Skip to main content

4 Takeaways From Pete Carroll's Week 2 Monday Press Conference

After digesting the game film, head coach Pete Carroll talks with the media and shares what he learned from the Seahawks' season-opening loss to the Packers.

A day after digesting the game film from Sunday's 17-9 loss against the Packers at Green Bay's Lambeau Field, Pete Carroll answered questions from the Seattle-area media at Renton's Virginia Mason Athletic Center, where the Seahawks head coach began by sharing an assessment of how his team played in its regular-season opener.

"Disappointed that after all the time we've been working to go to our first game we didn't play as clean as we wanted to," Carroll said. "We had a real chance to win the football game and in a really tight game like that was — 0-0 at quarter, 3-0 at halftime and all — it can come down to a couple plays, a couple snaps, even maybe a couple decisions, and it did. We made a couple crucial errors — the turnover on the 5 and then giving them a play on a hurry-up situation — that was enough to make a difference in this game, us losing our touchdown was enough to make a difference in this game. So it was very frustrating to go all this time and then we went out there and played it that close, but still didn't play well enough.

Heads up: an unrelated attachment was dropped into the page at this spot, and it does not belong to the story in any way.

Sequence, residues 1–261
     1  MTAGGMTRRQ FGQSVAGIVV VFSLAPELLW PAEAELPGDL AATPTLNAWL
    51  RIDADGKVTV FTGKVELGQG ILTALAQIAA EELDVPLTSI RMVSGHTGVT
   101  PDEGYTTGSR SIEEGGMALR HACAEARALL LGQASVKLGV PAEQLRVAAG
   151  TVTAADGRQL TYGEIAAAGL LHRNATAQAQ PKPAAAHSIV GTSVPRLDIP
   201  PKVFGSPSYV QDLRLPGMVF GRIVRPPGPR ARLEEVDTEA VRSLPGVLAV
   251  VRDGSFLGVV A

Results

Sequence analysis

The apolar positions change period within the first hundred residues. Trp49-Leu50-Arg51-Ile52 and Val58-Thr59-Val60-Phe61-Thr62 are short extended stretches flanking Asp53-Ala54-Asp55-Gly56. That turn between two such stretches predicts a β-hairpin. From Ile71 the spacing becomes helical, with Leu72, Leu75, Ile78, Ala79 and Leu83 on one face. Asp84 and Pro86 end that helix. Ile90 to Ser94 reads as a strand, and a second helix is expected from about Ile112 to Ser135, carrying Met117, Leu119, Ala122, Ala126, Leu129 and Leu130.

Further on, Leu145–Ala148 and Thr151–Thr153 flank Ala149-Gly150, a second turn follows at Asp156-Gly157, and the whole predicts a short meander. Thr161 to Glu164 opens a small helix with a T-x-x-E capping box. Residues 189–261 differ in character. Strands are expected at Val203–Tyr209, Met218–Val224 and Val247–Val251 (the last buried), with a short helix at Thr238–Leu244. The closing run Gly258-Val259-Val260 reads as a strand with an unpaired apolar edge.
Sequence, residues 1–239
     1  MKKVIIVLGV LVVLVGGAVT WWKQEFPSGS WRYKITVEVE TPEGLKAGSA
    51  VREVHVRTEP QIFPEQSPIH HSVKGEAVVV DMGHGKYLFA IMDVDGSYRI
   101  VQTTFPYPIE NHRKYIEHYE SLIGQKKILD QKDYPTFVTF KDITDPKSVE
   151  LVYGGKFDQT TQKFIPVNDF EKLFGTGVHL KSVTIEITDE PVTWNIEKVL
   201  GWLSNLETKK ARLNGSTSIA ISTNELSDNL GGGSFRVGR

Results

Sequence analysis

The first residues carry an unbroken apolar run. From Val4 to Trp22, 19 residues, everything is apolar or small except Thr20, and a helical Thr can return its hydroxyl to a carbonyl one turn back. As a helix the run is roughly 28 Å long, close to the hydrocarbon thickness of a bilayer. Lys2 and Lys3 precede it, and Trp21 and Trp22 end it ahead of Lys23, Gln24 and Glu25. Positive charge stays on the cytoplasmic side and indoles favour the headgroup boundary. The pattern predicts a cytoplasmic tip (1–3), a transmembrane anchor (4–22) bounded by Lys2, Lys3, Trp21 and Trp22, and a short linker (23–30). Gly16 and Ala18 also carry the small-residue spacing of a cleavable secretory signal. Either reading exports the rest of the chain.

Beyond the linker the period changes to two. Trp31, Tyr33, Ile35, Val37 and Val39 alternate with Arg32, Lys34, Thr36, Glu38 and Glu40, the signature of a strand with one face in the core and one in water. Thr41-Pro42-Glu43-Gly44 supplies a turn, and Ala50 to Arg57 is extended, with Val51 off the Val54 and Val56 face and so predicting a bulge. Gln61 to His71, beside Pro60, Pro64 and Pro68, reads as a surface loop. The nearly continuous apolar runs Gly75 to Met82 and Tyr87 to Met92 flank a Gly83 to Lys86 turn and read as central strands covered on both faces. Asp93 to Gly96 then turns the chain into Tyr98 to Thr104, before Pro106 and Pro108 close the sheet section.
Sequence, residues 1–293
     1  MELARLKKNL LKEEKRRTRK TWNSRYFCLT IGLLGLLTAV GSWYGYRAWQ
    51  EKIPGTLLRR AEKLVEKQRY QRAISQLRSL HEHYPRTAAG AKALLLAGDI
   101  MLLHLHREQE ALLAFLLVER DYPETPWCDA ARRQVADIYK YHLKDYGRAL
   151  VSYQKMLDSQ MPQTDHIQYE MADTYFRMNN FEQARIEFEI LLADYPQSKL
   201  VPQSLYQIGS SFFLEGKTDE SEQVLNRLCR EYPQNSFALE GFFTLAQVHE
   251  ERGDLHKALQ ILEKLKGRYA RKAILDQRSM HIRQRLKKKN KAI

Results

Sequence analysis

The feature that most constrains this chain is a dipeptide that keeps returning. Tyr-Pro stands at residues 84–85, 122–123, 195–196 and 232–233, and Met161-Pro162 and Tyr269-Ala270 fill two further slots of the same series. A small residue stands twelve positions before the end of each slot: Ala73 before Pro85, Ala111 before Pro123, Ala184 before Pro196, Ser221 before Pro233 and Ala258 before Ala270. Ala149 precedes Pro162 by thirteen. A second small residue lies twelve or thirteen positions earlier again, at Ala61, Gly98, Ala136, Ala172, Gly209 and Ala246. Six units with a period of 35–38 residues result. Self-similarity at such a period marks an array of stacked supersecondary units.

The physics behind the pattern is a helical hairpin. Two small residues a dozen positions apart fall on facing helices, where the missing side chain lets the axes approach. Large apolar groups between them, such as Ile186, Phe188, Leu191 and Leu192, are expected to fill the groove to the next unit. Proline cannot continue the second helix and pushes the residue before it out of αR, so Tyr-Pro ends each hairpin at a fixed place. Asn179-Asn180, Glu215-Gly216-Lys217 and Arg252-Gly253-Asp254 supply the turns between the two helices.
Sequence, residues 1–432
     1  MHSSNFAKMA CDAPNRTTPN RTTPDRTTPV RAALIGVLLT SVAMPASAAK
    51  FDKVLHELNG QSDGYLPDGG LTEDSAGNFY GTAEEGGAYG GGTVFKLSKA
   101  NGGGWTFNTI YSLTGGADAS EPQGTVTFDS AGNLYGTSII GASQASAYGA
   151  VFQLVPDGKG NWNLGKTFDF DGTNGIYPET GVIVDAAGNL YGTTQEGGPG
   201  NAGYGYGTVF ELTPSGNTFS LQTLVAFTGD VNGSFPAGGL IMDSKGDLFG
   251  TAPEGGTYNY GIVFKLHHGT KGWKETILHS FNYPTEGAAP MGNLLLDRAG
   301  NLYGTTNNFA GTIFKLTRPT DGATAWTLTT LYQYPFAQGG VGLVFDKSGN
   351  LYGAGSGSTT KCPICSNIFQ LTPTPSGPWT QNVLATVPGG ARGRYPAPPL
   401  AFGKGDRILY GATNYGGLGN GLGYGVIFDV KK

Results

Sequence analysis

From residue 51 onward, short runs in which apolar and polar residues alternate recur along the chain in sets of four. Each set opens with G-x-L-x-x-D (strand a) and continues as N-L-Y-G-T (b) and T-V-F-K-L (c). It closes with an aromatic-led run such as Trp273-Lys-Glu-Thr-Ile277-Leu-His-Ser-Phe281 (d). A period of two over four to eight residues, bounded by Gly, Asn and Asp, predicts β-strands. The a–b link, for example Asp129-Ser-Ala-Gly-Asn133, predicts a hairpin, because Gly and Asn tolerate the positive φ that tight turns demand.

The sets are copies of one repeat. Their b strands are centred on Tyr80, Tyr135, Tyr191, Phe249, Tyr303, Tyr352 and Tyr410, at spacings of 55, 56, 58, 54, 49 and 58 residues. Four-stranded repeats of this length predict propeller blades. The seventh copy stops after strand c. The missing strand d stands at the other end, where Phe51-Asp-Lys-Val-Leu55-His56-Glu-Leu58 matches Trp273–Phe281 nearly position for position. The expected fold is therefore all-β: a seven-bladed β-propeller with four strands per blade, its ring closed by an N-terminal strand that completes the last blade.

"We've got work to do and I'm thinking that we're going to get back to the kind of ball that we're capable of playing, the stuff that we saw in preseason," Carroll added. "I don't think this is a statement of anything other than we didn't play well enough in the first game."

Beyond the Seahawks not playing up to Carroll's expectations, here are four more things we learned from his Monday press conference:

1. Thomas Rawls "Should Be Raring To Go" This Week

Thomas Rawls (ankle) was inactive for this past weekend's game against the Packers, but Carroll said he expects the running back to be ready for this Sunday's game against the San Francisco 49ers at CenturyLink Field.

"Yes, we do expect Thomas back," Carroll said. "He should be raring to go."

Elsewhere on the injury front, Carroll noted that defensive ends Cliff Avril and Michael Bennett came out of Sunday's game OK after each player briefly went down with an injury.

"We come out of it pretty healthy and in pretty good shape," Carroll said.

2. Special Teams "Jumped Out" Against Green Bay

With the Seahawks offense struggling to find its rhythm for most of Sunday's game, that meant plenty of opportunities for punter Jon Ryan, who racked up 275 yards on six punts (45.8-yard average), four of which were downed inside the 20-yard-line, including one which was downed at Green Bay's own 2-yard-line. Kicker Blair Walsh, in his first regular-season game as a Seahawk, went 3-of-3 on field goals and provided Seattle's only points.

Cornerback Neiko Thorpe and linebacker D.J. Alexander, meanwhile, each recorded a special teams tackle and proved solid on coverage units, and receiver Tyler Lockett, who saw his first game action since fracturing his leg last season, made his presence felt in the return game. Lockett should also be in line for more reps at wideout moving forward, Carroll said.

"What jumped out to me was truly the special teams," Carroll said. "I thought our kickers were terrific, our coverage guys — Neiko Thorpe, D.J. Alexander — were spectacular in their efforts and the plays that they were able to make downfield. Jon's kicking was just extraordinary in terms of controlling field position in the game, it's why we were able to keep them from scoring and the defense responding with the long fields and we were able to get off the field.